I especially love the addition of Hallows and how each contributes to the characters’ stories. Tarisai’s Hallow allows her to see memories of any person or thing she touches. She can also temporarily “steal” memories or create new ones to comfort or deceive. Her gift represents her always trying to chase connection whenever she feels like her own memories are too lonely, too barren to find any. Sanjeet’s Hallow can make him see weakness, meaning he has great capacity to heal people or hurt them—and despite how much he wants to heal, destiny seems to keep pushing him towards causing harm. Kirah can soothe with a song, representing both her spirituality and connection with her mother and culture. In fact, Raybearer places tons of emphasis on the importance of storytelling and preserving culture through song, with griots and their drums taking center stage at some points. If only The Song of Achilles had taken note to feature music as strongly, I might’ve liked it better.
There are other things that I liked that I’ll gloss over for surprise’s sake: one character’s well-integrated asexuality, Tarisai’s complicated relationship with her mother, the push-pull relationship between maintaining order and finding peace, Woo In’s characterization, the intrigue with Mbali, so many little gems for readers to also discover and explore.
That isn’t to say that Raybearer isn’t without its flaws. The writing, for example, is good and solid, but it is also simple. I don’t think I read many sentences that were over thirty words. This is a story told mainly through simple and compound sentences with the occasional short, complex sentence to go with them, so if you’re looking for more intricate writing, this book may not be it for you. That being said, it’s better to tell a story well using simple language than to tell a story poorly using overly-complicated language or lofty purple prose that says nothing. In fact, I believe the writing’s simplicity is what makes the world-building work together as well as it does. Nothing reads as over-explained or convoluted.
Sure, that also means I saw all the plot twists coming a mile away, but they are well-done and within expectations, the groundwork and foreshadowing being laid for them. No empty shock value here, folks. However, there is a crucial chapter that made me laugh when it shouldn’t have because it played out a bit like the “Mmm Whatcha Say” SNL skit. For being such a fast-paced book, there are also surprisingly little action scenes, which I suppose is a testament to the strength of the main characters and the plot. These elements, rather than action, carry the story.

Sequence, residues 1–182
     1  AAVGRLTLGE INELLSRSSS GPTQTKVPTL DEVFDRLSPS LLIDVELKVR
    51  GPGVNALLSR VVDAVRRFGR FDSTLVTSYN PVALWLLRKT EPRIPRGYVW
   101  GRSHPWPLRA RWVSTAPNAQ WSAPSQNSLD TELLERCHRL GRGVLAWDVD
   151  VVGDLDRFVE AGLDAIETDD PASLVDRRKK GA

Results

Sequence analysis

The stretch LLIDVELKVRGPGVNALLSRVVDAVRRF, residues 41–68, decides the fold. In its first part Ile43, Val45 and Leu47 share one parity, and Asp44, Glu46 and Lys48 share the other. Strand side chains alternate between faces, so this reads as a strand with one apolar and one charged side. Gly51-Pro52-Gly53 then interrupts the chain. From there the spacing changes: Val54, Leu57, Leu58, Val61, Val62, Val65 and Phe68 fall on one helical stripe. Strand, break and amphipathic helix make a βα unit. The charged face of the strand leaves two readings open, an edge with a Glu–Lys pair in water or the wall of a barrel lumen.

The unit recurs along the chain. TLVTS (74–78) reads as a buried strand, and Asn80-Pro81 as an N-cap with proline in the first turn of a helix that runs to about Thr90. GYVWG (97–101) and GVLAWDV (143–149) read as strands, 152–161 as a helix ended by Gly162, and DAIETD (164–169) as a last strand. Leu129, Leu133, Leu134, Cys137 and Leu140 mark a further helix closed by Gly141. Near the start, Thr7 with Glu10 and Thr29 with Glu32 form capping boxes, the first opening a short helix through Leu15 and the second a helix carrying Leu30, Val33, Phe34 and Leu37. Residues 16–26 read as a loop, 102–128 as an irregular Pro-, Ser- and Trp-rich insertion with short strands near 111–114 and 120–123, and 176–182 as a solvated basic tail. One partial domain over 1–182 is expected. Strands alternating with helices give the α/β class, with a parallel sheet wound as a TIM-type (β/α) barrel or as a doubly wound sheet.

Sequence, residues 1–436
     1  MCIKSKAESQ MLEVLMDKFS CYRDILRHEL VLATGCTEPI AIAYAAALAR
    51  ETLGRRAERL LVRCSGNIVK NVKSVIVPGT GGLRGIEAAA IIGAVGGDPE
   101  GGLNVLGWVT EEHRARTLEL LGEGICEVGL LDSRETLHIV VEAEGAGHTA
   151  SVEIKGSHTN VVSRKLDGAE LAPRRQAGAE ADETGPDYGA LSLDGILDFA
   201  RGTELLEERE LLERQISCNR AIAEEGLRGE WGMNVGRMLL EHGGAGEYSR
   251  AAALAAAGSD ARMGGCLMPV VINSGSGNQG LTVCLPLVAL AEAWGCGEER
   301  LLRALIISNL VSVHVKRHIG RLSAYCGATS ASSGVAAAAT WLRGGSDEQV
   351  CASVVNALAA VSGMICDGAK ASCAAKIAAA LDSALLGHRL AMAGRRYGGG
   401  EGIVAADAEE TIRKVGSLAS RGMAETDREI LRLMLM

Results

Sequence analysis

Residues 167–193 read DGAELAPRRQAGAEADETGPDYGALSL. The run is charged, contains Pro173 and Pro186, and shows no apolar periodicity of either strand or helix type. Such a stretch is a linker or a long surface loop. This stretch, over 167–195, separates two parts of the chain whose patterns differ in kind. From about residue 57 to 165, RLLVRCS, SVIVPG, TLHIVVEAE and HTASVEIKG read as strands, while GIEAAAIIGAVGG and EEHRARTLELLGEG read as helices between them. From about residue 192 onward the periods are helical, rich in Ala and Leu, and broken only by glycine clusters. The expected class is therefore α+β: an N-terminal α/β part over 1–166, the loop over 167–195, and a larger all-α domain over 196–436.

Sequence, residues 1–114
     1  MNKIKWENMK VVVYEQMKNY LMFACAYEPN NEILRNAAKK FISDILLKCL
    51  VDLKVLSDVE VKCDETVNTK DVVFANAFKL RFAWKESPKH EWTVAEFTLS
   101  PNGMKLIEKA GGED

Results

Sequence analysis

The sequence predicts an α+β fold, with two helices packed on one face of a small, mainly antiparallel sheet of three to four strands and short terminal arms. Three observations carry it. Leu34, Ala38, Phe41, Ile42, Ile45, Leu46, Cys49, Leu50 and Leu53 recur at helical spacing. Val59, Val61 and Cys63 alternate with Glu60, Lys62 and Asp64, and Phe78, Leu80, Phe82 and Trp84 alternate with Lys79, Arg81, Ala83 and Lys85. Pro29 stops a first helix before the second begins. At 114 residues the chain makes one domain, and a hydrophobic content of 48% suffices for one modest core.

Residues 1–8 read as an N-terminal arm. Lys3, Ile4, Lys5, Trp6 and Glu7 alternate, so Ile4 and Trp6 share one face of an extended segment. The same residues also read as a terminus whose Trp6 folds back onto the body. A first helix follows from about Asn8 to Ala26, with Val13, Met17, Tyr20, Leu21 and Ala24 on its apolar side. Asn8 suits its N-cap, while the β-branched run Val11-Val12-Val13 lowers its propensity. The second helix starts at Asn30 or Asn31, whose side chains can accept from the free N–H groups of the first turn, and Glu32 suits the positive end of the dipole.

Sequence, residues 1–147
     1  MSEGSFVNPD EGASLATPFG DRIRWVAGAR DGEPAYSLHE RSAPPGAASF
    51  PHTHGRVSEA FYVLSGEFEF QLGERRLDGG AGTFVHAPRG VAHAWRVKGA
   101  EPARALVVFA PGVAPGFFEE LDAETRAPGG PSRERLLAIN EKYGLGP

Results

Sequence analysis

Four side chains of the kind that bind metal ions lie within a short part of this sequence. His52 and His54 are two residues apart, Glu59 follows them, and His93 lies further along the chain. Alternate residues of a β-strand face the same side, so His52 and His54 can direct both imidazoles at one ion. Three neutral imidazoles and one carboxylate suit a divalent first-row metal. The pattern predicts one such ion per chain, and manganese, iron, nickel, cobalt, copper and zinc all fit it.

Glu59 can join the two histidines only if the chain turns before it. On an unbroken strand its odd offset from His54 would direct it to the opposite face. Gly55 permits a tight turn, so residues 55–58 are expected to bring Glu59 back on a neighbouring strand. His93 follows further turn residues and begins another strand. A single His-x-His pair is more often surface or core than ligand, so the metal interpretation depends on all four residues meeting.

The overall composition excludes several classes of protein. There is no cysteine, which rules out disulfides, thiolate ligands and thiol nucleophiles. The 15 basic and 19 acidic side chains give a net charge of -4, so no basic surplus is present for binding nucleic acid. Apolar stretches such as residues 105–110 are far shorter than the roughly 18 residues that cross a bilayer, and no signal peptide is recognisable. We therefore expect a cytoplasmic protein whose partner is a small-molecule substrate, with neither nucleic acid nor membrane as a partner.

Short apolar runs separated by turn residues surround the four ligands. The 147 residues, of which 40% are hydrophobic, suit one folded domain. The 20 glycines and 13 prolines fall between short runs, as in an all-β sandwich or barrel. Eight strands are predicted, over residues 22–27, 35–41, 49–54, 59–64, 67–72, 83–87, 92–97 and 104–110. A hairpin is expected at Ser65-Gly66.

Indeed, I was racing through the first half of the novel, which kept building up momentum when suddenly it fizzled out around the halfway point. Another character has an understandable falling out with Tarisai, but instead of more tension being built because of it, all is forgiven and resolved in two chapters, and I won’t lie. I was and still am super let down by that. For that reason, the first half of Raybearer winds up being stronger than its second half.
I also really wish I could have seen Kirah and Woo In’s attraction develop rather than be told about it happening multiple times off-page, like it’s being rubbed in my face that I didn’t get to experience it. Both of these characters are favorites of mine, and their interactions sound so spicy, but it’s just tacked on more like an aside. So much missed potential there.
While there is also a found family trope being played out here, I will emphasis that of Dayo’s Council of Eleven, the found family really is just four characters: Dayo, Sanjeet, Tarisai, and Kirah. The other members may as well not be in the book, that’s how little they are shown or developed. A few of them are given the occasional line to go with their names, but since they’re not central or required for the story beyond the invulnerabilities they grant Dayo, I can’t even remember what those names are now. I don’t foresee any of them mattering much in the sequel either.
Speaking of the next book, Redemptor, I hope there is more of Melu and fae content in general, but I’m also very excited for what looks like an impossible journey for Tarisai. How she will accomplish her ultimate goals is sure to be riveting to read and go totally according to plan with no setbacks, of course, of course—oh, girl, who am I kidding? I’m fretting for you. But the new setting, I believe, will be amazing. I also hope to see and learn more about Songland as well as how the other characters will grow and develop. Will they help or will they hinder Tarisai?
Woo In, I’m looking at you. Where you at, boi?